Currently, laws in 48 states prohibit people with felony convictions from voting. The Sentencing Project estimates that 4.6 million Americans are barred from voting due to these laws, representing 2 percent of the total voting population in the US. Identity verification could detect the conviction in a background check.
  • Voter suppression: "Policies and tactics limiting eligible citizens to cast ballots in an election." (Ballotpedia)

    Remote voting offers the opportunity to limit voter suppression, by having advanced ways of verifying someone's identity and eligibility, more than just a physical piece of identification. Allowing a remote environment for voting would eliminate the struggle of getting to a polling place, dealing with poorly trained staff, navigating language barriers, and resolve other voter challenges at the polls.
  • Fraudulent signatures: "A fraudulent signature is a signature on a petition in support of a ballot measure or candidate seeking to qualify for the ballot that suffers from one or more fatal flaws introduced by either the circulator or the signer." (Ballotpedia)

    Forgery detection technology would sense a fake signature, with algorithms able to recognize patterns, accepting signatures from the intended person.

Integrating an AI-generated identity verification solution into the election process would eliminate the small chance of fraud that does exist in the system and would put the rumors of voter fraud to bed. The banking grade level of accuracy and performance of Identomat could prevent bad matching, and offers the chance to put a complete stop to actors trying to outsmart the democratic system. Americans need and deserve a system in which it is easy to vote and that it is impossible to cheat. Full digital identity proofing and KYC compliance would resolve a number of the challenging issues that the current manual voting system has.

According to Pew Research, voting by internet is used in four countries: Armenia, Canada, Estonia, and Switzerland. However, as the Estonian President, Kersti Kaljulaid said, the Internet voting system utilized in her country cannot be simply copied and pasted into other countries.

"“Every state has a different culture... This culture prevails also when you create your digital state. You need to find your own solutions which will convince your own people to use digital [methods].”

- Kersti Kaljulaid, President of Estonia

Prominent Data Loss

Maintaining voter rolls is a mess. The process of deleting names from registration lists results in many voters learning that they are no longer registered to vote when they arrive at the polls. According to Ballotpedia, at least 17 million people were removed from voter registration lists from 2016 to 2018. The process is performed allegedly for the sake of organization, as American voters die, move, or become ineligible. Critics worry about the deletion process being as secretive as it is. In general, for many reasons, manual voting is prone to data loss. With KYC technology, you'll find resilient risk management processes and compliance. To implement e-voting, we are going to need software and an identity verification solution we can trust.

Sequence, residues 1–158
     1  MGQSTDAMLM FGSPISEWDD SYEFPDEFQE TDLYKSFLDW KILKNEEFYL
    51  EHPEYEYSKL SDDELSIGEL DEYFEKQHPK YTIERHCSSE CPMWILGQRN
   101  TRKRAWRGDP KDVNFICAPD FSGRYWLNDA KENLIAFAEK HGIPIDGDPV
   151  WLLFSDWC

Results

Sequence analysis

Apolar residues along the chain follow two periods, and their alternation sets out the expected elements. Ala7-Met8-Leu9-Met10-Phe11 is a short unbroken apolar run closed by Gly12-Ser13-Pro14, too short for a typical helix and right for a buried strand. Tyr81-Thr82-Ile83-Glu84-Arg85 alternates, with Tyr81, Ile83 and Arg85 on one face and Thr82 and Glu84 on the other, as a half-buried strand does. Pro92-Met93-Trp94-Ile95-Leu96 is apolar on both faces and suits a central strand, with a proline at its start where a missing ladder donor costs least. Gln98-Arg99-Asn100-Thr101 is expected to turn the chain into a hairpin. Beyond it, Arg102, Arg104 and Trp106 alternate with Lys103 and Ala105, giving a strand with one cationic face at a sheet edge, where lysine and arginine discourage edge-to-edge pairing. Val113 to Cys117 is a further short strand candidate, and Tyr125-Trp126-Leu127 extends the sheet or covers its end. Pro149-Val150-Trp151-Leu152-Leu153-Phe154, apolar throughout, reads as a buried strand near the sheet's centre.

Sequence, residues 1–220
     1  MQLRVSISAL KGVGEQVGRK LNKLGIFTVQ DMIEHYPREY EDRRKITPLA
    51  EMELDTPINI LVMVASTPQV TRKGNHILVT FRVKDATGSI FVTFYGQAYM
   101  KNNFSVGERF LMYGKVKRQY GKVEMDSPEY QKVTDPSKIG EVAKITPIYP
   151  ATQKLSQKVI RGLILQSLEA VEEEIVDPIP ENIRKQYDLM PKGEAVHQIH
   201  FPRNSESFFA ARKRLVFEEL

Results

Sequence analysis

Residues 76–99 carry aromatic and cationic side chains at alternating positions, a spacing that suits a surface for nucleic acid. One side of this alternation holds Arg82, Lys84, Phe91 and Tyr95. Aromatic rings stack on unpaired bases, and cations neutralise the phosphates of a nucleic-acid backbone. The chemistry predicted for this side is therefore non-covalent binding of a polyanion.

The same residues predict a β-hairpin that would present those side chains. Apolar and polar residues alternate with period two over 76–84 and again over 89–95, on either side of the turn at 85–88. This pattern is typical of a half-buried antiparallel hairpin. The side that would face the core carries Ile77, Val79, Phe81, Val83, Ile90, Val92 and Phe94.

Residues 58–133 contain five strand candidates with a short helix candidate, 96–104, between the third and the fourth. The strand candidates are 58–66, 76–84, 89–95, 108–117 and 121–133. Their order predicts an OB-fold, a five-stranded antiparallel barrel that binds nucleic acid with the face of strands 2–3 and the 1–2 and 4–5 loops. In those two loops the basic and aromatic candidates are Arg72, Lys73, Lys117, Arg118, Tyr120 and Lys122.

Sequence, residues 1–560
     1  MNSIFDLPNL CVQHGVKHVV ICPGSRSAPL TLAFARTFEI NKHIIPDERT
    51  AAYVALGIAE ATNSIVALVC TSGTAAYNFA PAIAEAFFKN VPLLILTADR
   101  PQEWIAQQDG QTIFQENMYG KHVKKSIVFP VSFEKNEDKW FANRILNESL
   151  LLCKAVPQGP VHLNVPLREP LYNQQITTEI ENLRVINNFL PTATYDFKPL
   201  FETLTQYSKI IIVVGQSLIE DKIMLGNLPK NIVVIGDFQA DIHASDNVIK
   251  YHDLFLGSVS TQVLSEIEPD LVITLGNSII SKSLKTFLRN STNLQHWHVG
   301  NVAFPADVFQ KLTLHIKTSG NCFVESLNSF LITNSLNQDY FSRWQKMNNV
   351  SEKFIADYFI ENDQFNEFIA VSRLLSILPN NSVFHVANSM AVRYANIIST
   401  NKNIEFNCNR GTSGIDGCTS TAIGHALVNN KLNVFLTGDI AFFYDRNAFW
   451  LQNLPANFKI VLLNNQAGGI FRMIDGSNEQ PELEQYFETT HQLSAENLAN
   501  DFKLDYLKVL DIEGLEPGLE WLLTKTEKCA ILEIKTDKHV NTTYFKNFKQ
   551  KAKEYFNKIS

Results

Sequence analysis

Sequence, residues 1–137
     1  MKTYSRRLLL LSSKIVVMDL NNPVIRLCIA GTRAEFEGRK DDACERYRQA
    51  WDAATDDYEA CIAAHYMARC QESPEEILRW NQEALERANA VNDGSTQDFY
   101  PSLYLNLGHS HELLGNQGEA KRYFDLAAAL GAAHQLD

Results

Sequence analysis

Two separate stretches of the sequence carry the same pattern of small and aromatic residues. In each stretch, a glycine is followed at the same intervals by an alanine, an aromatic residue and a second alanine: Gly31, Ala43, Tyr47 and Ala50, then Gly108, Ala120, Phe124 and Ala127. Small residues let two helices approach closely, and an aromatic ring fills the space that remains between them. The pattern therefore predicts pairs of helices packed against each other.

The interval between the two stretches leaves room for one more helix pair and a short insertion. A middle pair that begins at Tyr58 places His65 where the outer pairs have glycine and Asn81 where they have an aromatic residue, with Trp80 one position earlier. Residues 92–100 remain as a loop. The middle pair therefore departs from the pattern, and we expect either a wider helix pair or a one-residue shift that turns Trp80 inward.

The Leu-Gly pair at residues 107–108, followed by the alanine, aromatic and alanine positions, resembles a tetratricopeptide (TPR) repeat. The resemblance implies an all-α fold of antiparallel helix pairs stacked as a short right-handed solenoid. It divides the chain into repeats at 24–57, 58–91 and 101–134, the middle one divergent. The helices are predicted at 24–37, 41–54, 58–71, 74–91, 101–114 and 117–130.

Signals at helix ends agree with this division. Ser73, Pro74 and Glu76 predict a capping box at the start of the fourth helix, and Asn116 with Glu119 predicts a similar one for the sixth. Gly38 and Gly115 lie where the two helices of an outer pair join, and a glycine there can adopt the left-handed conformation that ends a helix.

If biometric technology was included in election reform it would:

"Election technology must be introduced very carefully. It must be tested to fulfill its functional role, and more importantly, that it wouldn't do things it is not supposed to do."

- Liisa Past, Election technology and cybersecurity expert

Every vote is sacred and it should be protected. Legitimate voters should be able to vote privately, without fear of being harassed. They should be able to feel confident in the integrity of their vote, that it cannot be lost, stolen, or altered. Fraud protection is used by many industries worldwide, why not apply it toward our democracy? For the future of America, we need a transparent voting system in which fraud can be easily detected and allegations of fraud can be easily dispelled.

How to integrate biometric tech into elections

Administering elections is massively complex and challenging, as each territory has its own legality procedures and follows their own unique operating framework. Naturally, the biggest hesitation is making sure that things run smoothly and that bad actors aren't able to hack a system and alter election results. Companies around the world are hard at work to modernize the voting experience and protect the sanctity of a vote. It is important to identify and mitigate vulnerabilities within the e-voting process, where voter's uncertainties can be exploited by bad actors, and an identity verification solution would be essential with reform, ensuring that there is a voting solution for all people. Experts are integrating more optimal logistics, implementation, maintenance, and security practices for all stages of the voting process.

Voting software industry leader Smartmatic already has 1.95 million secure, election-ready devices deployed worldwide, and in 2020, they conducted the largest election project in US history. They had implemented their system in Los Angeles county, the largest voting jurisdiction in the US, making voting easier for all, but especially for voters with disabilities and those with limited English proficiency.

In this conflicted political climate, an electoral transformation in America is necessary for the future of democracy. Considering the rising trend of using technology, the end-to-end verification solution, and the cost-effectiveness, i-voting is going to make an impact on the world. Identity verification is going to be an integral part of the reform that is going to restore a voter's confidence and give them the power they so rightfully deserve.

As Abraham Lincoln once said, "Elections belong to the people. It's their decision. If they decide to turn their back on the fire and burn their behinds, then they will just have to sit on their blisters.  "